The rise of social media also already appears to have had a strong impact on the lives of Mazars’ millennials, regardless of their country of residence. And for many of them, this is just the beginning. According to recent surveys, Facebook has close to 2 billion users, 1.86 billion of whom use it on a monthly basis and 1.23 billion of a daily basis (5). As for Twitter, it is used every month by 330 million people, 80% of whom access it from their cell phones (6). As expected, Mazarians are no exceptions. From Santiago, Francisco Polo explains: “I think the next innovations will be linked to social media. It would be nice if it was related to something more important, like health, well-being, etc. But I believe it will have something to do with social media and communication among people. It has grown a lot and it will continue to do so.” In Singapore, Aswini Nadarajah enthuses: “Social media, such as Facebook or LinkedIn, are bringing all of us closer. I have 40 cousins. We are all very close-knit, and we are spread out all over the world. Technology has changed our perception of geography – it brings us closer. “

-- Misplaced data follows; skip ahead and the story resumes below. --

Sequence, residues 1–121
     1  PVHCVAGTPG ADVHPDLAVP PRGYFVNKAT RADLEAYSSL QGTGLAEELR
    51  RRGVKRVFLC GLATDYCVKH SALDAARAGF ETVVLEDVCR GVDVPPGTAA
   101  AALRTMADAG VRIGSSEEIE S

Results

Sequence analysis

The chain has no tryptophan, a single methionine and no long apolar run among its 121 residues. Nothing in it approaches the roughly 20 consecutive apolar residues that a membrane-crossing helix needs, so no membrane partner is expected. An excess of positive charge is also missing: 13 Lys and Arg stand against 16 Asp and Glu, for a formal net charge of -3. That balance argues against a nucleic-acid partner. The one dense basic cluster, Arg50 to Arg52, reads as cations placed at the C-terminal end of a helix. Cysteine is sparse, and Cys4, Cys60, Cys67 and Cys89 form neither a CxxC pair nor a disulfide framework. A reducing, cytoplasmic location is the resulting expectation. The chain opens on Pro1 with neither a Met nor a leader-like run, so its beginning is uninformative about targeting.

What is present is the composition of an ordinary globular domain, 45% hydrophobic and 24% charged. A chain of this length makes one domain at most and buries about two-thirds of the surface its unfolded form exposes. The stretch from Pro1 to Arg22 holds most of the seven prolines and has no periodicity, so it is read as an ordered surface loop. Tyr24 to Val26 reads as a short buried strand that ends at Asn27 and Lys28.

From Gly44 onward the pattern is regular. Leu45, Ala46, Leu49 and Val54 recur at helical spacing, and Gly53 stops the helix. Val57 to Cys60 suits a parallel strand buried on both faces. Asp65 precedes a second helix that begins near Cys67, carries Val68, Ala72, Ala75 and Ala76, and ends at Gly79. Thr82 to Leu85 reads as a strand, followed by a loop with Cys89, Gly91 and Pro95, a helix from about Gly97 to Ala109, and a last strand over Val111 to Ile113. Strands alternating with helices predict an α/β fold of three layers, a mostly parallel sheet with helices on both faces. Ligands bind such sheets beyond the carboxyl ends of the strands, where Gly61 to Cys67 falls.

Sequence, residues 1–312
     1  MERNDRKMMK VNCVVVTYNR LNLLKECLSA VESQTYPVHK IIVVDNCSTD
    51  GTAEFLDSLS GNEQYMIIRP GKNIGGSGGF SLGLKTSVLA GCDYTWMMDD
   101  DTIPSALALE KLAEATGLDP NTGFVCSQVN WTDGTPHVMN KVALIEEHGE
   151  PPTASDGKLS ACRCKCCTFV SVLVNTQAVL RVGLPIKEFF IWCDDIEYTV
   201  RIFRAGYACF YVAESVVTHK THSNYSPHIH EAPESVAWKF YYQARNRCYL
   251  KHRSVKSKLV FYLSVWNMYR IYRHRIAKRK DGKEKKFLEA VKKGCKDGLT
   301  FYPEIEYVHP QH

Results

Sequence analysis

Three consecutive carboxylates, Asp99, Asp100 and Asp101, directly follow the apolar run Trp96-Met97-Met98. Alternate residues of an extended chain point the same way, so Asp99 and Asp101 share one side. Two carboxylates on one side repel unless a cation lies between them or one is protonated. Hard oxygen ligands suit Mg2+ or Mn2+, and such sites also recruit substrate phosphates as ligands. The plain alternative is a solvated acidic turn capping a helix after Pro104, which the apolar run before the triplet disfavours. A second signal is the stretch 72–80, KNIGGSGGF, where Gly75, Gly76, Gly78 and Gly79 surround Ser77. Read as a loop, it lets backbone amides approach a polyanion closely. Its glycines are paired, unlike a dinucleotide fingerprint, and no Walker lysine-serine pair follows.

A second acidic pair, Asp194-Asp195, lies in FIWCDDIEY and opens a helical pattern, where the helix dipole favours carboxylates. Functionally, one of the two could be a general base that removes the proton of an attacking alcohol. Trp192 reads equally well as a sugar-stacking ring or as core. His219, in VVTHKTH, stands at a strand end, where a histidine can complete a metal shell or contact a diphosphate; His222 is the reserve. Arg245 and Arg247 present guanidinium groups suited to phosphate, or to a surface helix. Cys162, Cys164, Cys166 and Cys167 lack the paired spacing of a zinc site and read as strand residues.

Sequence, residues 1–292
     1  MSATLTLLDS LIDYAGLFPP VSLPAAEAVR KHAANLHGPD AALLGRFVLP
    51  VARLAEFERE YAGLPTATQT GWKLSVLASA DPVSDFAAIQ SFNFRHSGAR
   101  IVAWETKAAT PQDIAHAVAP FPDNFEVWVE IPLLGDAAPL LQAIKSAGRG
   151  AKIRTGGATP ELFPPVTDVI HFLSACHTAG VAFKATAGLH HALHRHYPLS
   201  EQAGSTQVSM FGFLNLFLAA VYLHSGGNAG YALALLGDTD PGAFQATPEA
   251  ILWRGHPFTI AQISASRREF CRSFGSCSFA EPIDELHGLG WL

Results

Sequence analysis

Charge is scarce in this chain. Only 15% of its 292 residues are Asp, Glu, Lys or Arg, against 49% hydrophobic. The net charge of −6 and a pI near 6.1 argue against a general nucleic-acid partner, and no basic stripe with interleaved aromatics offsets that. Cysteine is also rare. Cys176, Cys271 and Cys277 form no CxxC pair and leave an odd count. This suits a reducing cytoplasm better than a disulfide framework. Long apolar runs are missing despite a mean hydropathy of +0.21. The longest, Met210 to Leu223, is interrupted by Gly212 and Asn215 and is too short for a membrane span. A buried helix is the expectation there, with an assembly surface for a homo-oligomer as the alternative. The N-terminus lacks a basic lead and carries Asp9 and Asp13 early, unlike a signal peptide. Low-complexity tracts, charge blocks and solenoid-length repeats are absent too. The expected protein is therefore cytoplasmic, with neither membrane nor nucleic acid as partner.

Artificial intelligence as the real disruptor

Social media are not the only technological tools or prowesses that are going to change people’s lives in the years to come. When it comes to imagining the future, Mazars’ millennials are as creative as they are diverse. “In the future, instead of attending meetings personally, we will sit in our rooms and be represented by avatars”, says Natalia Velenzuela. “Some experimentations offer alternatives to public transportation: vehicles that can lift themselves when they are stuck in traffic and just keep going above the other cars”, Macarena Rodriguez explains, while Tawfik Sayed Fahmy thinks about “time machines”, and Soo Yung pictures tech-enhanced human bodies.

For Maldonado though, the true disruptor will be artificial intelligence. “Everyone can understand the potential that it has for business and the economy at large. Many operations that used to be conducted by people are now carried out by computers, and the list continues growing every day.” “More and more jobs will be completely automated and will not need human intervention in the future”, Larrain adds. “The challenge will be to either create new jobs or reinvent traditional ones“, Adeline Toh concludes.

Dealing with change, relying on human creativity

Technology will indeed eliminate or transform a number of jobs. But what exactly is the impact Mazarians expect it to have on their jobs? There again, the answers vary significantly.